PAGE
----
- Make sure you have working smoke detectors. There's no excuse not to have working smoke detectors, which are cheap (under $10) and often free (call your local fire department).
- Have a working carbon monoxide detector as well. These are a bit more expensive than smoke detector but well worth the cost of a life.
- Wear your seatbelt (and make sure passengers do as well) anytime you are in a car. Note that many organizations can provide free child safety seats if you can't afford one (check www.safekids.org).
- Get a library card. Knowledge is free at your local library so take advantage of this to learn everything from basic first aid to outdoor skills to other survival skills.
- Take a CERT (Community Emergency Response Team) class. These classes are offered free in many communities and come with a bag of free disaster gear to keep upon successful completion of the class.
- Attend community health fairs. These are held at random times throughout the year and can offer everything from free vaccinations and free health gadgets to free school sports physicals for kids, free classes, etc.
- Volunteer. Many community organizations need volunteers and come with the added bonus of free preparedness training. Places like the Red Cross, Search and Rescue, even volunteering as an EMT with the fire department, provides great training opportunities just for the use of your time.
- Use the internet. You can use Google and YouTube to learn everything from how to secure your home on the cheap to how to camp in the winter as well as a zillion other preparedness skills, all for free.
- Hit up the Goodwill and other thrift stores for great deals on gear. You can pay $100 for a fancy wool sweater or $5 for the same sweater at the Goodwill. Ditto camping gear, household supplies, and any other prepper supplies you can think of.
- Hit up the $1 store for other preparedness supplies (bleach, duct tape, tarps, rope, food such as bags of beans and rice and oatmeal, etc). For $5 every week at the $1 store, you can be pretty well outfitted within a few months.
- Practice prepper skills for free. Hold a fire drill for your family, cook over a bonfire in the back yard, camp out in the back yard with your $1 tarp, $1 rope, and blankets if you don't have sleeping bags, etc.
- Break out your cell phone and download emergency apps, use the video camera to film a complete home inventory for insurance purposes, use the camera to take photos of each of the medications you take, etc.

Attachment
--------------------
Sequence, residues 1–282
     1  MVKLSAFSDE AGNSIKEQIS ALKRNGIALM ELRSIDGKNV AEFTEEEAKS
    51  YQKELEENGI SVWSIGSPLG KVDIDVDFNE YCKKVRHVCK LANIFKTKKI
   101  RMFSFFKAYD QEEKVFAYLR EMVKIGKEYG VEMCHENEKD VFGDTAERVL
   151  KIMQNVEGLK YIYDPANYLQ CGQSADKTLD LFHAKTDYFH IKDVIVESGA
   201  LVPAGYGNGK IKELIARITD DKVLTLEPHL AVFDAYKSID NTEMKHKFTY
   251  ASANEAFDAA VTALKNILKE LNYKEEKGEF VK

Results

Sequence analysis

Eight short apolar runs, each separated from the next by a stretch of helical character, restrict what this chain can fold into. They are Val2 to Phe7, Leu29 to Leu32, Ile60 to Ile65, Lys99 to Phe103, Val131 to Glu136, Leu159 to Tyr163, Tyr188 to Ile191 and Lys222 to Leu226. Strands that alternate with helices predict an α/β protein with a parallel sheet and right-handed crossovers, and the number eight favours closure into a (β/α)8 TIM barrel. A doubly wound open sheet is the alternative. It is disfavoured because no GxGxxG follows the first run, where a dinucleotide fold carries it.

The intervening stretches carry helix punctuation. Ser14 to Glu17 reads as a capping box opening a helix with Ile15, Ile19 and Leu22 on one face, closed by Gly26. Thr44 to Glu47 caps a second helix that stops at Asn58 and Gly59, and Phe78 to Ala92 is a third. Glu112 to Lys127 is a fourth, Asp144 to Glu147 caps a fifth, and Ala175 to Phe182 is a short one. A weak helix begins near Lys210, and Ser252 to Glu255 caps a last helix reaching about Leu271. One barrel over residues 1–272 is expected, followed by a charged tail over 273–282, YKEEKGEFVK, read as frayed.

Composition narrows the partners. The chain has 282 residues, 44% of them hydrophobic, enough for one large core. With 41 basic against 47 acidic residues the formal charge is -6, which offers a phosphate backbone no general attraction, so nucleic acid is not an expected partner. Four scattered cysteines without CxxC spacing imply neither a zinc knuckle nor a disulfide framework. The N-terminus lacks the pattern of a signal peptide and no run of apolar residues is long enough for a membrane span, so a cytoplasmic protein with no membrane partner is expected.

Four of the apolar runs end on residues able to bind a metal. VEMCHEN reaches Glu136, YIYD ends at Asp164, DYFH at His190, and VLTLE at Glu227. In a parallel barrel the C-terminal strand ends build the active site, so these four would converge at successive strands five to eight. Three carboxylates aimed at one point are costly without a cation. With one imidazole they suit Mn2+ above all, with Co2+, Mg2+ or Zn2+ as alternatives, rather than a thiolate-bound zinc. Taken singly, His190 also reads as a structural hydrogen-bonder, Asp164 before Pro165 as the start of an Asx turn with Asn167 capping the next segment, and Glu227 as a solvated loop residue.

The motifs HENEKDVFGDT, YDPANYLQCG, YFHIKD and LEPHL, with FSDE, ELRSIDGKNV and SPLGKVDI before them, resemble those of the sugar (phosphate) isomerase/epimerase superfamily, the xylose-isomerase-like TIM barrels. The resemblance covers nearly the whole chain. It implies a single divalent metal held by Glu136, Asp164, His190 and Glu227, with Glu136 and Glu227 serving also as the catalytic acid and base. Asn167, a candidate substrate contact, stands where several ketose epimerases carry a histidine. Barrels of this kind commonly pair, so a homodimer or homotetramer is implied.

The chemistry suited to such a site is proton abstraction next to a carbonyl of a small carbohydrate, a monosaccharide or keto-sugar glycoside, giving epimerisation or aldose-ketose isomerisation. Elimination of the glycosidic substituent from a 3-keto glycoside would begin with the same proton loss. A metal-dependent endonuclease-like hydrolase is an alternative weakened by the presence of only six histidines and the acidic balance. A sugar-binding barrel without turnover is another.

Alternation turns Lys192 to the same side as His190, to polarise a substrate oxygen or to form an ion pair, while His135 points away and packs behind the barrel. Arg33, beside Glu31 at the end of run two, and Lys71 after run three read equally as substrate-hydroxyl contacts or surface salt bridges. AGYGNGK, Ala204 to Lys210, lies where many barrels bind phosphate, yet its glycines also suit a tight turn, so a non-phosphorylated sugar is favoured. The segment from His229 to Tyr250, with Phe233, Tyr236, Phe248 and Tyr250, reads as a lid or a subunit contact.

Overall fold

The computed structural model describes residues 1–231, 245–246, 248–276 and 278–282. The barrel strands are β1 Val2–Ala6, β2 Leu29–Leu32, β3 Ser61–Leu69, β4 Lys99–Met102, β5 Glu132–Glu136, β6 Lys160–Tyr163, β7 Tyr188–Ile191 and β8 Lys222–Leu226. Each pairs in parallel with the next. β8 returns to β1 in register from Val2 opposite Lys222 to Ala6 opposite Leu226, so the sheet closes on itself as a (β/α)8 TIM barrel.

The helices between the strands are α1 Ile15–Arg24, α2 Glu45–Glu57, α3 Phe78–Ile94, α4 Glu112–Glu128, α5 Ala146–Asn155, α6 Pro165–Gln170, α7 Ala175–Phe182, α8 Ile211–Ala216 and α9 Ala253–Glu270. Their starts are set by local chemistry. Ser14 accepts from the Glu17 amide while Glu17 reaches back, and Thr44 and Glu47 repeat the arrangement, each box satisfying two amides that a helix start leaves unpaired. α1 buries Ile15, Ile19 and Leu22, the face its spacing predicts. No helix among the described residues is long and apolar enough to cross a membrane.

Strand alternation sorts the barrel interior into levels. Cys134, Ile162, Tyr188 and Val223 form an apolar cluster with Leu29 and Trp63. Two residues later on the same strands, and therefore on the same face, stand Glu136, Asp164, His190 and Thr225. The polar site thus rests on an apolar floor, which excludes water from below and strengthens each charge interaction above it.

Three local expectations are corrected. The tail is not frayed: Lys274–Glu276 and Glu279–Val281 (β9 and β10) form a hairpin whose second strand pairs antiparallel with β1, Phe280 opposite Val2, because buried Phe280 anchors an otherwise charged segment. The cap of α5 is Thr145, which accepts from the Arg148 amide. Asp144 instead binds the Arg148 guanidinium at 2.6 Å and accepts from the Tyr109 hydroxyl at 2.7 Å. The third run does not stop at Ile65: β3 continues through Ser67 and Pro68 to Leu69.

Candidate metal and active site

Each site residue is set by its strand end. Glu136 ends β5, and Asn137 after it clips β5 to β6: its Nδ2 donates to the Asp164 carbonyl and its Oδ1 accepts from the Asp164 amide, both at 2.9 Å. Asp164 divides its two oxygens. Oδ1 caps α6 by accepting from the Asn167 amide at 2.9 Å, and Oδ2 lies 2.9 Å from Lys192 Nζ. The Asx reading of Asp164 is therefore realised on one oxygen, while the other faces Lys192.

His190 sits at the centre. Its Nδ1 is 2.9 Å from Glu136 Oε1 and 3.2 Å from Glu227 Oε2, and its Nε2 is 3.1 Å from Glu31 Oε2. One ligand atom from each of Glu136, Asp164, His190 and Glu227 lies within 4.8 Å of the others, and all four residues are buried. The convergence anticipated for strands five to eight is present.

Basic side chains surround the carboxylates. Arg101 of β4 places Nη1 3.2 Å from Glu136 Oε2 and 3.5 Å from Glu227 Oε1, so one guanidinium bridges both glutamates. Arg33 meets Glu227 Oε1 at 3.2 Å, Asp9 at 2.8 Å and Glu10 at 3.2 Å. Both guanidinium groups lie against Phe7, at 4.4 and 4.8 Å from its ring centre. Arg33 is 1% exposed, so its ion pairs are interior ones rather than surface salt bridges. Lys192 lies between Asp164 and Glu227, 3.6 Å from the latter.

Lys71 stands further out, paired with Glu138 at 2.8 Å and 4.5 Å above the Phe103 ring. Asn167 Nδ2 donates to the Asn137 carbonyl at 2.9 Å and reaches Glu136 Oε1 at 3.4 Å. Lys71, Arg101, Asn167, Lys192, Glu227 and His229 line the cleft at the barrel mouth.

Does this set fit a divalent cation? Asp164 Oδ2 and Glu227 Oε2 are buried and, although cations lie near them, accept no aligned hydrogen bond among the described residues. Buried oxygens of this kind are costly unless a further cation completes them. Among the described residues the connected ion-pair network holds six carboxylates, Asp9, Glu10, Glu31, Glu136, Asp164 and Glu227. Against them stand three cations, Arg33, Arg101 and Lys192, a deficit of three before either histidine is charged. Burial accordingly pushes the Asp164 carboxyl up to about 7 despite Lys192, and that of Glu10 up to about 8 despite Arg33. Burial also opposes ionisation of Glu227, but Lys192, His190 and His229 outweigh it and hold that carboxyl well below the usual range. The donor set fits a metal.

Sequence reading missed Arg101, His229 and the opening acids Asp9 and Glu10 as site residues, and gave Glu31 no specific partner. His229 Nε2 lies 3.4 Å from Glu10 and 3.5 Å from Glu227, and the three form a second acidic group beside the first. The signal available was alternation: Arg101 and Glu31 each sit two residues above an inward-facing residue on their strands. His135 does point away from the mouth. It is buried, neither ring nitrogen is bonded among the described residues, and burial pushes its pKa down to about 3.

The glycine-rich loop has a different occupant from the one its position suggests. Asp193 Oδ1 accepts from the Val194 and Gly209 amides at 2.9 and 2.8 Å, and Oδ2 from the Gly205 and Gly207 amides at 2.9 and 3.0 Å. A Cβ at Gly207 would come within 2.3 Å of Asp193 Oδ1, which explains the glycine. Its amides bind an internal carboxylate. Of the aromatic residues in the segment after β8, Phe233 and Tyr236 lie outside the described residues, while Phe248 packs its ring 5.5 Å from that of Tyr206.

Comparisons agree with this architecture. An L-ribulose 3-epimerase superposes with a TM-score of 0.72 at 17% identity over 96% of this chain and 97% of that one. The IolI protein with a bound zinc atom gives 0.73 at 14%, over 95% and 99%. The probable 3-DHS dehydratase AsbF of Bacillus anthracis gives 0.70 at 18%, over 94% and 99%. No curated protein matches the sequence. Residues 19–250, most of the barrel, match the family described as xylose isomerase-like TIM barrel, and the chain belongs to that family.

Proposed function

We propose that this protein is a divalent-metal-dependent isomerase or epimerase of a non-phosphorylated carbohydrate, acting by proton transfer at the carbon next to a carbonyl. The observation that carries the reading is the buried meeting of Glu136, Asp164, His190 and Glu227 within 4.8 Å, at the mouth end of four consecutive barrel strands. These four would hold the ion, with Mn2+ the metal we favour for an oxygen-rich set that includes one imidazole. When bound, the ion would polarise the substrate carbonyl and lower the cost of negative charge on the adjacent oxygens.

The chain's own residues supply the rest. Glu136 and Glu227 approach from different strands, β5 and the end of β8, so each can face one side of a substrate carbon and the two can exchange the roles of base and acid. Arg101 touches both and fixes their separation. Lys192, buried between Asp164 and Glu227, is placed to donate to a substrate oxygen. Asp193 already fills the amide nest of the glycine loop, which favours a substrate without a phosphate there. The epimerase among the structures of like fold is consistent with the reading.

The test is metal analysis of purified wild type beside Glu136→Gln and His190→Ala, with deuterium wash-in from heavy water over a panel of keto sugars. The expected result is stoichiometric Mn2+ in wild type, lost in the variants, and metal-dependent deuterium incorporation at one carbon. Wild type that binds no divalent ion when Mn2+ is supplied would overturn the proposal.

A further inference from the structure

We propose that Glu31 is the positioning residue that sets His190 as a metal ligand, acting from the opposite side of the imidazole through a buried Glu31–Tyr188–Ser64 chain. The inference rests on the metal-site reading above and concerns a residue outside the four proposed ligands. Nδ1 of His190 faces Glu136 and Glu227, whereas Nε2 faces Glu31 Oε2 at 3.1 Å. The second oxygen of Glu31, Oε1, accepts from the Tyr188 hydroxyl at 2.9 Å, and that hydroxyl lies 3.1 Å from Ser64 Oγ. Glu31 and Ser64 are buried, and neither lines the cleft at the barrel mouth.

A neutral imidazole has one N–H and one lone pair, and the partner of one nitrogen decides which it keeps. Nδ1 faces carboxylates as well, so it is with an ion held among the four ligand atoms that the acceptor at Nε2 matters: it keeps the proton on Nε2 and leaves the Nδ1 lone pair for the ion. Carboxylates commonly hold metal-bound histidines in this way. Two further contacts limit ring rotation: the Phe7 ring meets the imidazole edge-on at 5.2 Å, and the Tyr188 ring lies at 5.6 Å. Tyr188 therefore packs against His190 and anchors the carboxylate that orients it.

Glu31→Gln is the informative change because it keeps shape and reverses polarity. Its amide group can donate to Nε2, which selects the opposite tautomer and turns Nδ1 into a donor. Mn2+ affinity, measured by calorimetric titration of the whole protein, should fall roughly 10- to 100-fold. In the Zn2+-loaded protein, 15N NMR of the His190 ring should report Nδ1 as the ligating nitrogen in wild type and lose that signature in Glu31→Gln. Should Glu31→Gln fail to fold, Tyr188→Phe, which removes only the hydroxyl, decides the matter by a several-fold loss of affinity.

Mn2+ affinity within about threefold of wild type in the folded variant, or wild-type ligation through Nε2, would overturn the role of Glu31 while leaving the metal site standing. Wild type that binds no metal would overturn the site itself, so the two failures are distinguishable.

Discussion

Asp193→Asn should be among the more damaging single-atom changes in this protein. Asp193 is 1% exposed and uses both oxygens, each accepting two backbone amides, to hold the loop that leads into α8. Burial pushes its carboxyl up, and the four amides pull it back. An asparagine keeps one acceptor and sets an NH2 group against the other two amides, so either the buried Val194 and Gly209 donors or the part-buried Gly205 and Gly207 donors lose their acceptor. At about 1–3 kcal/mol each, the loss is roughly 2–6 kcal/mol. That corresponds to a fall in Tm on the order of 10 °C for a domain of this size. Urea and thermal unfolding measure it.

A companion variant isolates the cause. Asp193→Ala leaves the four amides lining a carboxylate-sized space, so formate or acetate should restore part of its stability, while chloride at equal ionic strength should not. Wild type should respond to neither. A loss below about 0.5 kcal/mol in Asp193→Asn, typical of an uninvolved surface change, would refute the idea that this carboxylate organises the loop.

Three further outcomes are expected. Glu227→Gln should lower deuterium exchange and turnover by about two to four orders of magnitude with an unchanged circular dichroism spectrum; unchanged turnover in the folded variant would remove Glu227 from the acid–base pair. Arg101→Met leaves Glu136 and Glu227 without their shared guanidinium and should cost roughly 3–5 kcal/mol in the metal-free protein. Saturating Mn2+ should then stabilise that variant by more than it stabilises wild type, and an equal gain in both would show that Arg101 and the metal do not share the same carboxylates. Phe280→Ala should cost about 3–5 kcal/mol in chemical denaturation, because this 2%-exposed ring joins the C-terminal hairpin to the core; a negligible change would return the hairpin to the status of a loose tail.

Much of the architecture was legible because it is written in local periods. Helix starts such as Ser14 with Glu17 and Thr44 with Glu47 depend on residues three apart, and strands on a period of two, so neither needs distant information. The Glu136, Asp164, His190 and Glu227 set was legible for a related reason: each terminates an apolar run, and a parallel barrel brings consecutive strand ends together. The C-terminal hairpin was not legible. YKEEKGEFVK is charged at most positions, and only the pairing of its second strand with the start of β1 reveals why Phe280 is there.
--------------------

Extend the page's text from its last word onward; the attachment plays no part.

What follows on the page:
- Store water for emergency use by rinsing out milk or soda bottles and filling them with water then storing them in a cool, dark place to use during an emergency (be sure to rotate this water regularly).
- See what kind of (free) help you can get from your state/county/city/town. This includes applying for a tax abatement if you qualify, getting a free home energy audit from the power company, getting a free low-flow shower head from the water company, etc.
- Make a family emergency plan (free templates here).
- Grow a garden if you have the space (Google free garden seeds, there are several places that offer these).
- Sign up for any social service programs you qualify for (food stamps, kid's free school lunch program, Medicaid, etc). These programs can help you get through difficult financial times.
- Exercise. Many disasters require a physical response and sadly, many Americans are in piss-poor physical shape. Exercise is free--from calisthenics to walking, running, lifting things, climbing things--so there is no reason not to get in better physical shape.
- Build an emergency fund. Everyone, no matter how poor, needs some spare cash to use in the event of an emergency. Short-time gigs, reselling things, selling blood, babysitting, bartering, etc. are all ways to earn a bit of extra income quickly.
- Make significant life changes to put yourself into a better place (physically, psychologically, emotionally, socially). Move to a lower cost of living area, file bankruptcy if you have no other option for getting out of debt, get rid of the expensive car and buy a beater for cash (or even get rid of the car and get a bike/ride the bus/take Uber if it will save a great deal of money). You want to make big life changes not just for preparedness purposes but to move you forward into a better position in life.
Monday, February 4, 2019
20 Prep Tips for Poor People
You don't need a lot of money to be prepared for a range of disasters, in fact many of the thing you can do are cheap or even free...